Strong show of solidarity against government policies at Waitangi
12 February, 2024
Interview by Jessica Hopkins, adapted by Kate Walker
Action Station Director, Kassie Hartendorp (Ngāti Raukawa) and Professional Teaching Fellow at the University of Auckland Law School, Eru Kapa-Kingi (Te Aupōuri, Ngāpuhi, Waikato-Tainui, and Te Whānau-ā-Apanui) say the largest turnout at Waitangi in modern history was a significant demonstration of unity behind defending Te Tiriti o Waitangi as the founding document of Aotearoa. Image: Waitangi Grounds
Thousands gathered on Waitangi Day to voice their concerns about the new government's proposed policies, including a referendum on the principles of Te Tiriti, making Māori wards go through a referendum process before being established, and getting rid of the Māori Health Authority.
Action Station Director, Kassie Hartendorp (Ngāti Raukawa), told 95bFM’s The Wire that there was a strong show of solidarity by Māori, Pākehā, and tauiwi at Waitangi, for the government to honour Te Tiriti.
“You're seeing people who wouldn't normally take to the streets come out and say this government is going too far.”
“The message being sent is to honour our agreement that we put in place 184 years ago, continue to honour what has already been done and go further, and stop attacks on Māori and Te Tiriti."
Professional Teaching Fellow at the University of Auckland Law School, Eru Kapa-Kingi (Te Aupōuri, Ngāpuhi, Waikato-Tainui, and Te Whānau-ā-Apanui), told The Wire that the turnout on Waitangi Day was the largest he has ever seen, having attended most of his life.
Kapa-Kingi says the overwhelming opposition to the government’s policies has been “empowering”.
“It was a display of the strength in numbers of protectors of Te Tiriti o Waitangi."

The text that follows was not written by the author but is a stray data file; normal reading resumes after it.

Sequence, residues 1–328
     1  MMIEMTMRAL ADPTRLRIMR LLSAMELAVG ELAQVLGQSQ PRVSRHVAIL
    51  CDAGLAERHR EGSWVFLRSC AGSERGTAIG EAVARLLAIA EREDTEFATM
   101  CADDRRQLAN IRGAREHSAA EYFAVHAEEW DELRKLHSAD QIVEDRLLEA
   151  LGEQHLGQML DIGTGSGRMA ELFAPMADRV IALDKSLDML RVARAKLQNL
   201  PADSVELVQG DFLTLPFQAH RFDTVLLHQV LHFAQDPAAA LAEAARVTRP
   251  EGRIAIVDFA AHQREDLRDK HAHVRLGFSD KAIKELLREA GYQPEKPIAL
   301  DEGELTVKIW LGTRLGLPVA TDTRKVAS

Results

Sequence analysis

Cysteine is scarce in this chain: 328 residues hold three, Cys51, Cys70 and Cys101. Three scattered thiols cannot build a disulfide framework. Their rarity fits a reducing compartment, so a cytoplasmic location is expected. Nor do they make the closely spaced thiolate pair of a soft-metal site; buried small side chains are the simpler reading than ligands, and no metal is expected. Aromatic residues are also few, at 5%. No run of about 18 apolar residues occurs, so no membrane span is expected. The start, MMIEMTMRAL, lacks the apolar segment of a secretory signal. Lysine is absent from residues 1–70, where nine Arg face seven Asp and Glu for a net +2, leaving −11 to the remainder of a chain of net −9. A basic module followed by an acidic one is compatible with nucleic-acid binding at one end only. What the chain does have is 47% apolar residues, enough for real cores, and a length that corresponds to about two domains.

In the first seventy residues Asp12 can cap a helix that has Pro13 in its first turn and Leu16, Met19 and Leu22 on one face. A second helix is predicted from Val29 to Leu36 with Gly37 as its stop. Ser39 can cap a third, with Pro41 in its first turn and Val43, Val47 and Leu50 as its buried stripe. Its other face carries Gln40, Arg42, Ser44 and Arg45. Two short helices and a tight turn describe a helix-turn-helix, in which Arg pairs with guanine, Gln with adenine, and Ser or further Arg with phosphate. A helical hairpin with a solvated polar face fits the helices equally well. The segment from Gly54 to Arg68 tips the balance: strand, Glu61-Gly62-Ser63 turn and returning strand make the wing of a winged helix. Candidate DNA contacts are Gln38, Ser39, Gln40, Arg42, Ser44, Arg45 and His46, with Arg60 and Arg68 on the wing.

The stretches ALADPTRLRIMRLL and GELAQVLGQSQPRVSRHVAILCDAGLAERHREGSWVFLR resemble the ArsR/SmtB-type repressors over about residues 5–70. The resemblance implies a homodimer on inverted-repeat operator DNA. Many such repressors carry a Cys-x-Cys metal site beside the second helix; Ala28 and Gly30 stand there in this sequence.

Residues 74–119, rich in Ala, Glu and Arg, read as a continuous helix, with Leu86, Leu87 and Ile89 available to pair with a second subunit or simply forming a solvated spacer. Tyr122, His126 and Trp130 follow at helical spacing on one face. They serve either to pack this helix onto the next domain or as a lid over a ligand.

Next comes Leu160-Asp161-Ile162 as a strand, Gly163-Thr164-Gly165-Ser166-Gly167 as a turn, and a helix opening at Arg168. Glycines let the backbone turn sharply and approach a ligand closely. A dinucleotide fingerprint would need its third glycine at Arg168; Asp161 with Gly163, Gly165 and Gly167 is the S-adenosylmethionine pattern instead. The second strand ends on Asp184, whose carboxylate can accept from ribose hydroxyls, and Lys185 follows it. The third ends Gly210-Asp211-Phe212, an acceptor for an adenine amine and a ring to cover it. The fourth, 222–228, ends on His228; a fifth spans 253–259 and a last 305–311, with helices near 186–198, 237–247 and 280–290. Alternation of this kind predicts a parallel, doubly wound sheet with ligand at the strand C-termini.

He believes Prime Minister Christopher Luxon announcing National would not support ACT's Treaty Principles Bill past its first reading is a direct result of the overwhelming support for honouring Te Tiriti as the country's founding document.
He says attempts to delegitimise tino rangatiratanga (Māori sovereignty) put Māori and the country in “a dangerous position.”
“Te Tiriti is the primary document that has mana. It is a document of truth and power. My tūpuna (ancestors) never ceded sovereignty to the British crown.”
Hartendorp believes some political leaders demonstrated a lack of understanding or consideration for te ao Māori at Waitangi.
“There was either incompetence or open disdain, or actually using aspects of Māori culture and concepts to push a different ideological view.”
She encourages people to think about what they want Aotearoa’s future to look like.
“Is this the leadership that we want and deserve? Not just for us, but the people after us too?”
“There's this huge movement of people who believe in Te Tiriti o Waitangi; who believe in the importance of it, who don't want to go back into the past, who want to move forward.”
Public Interest Journalism funded through NZ On Air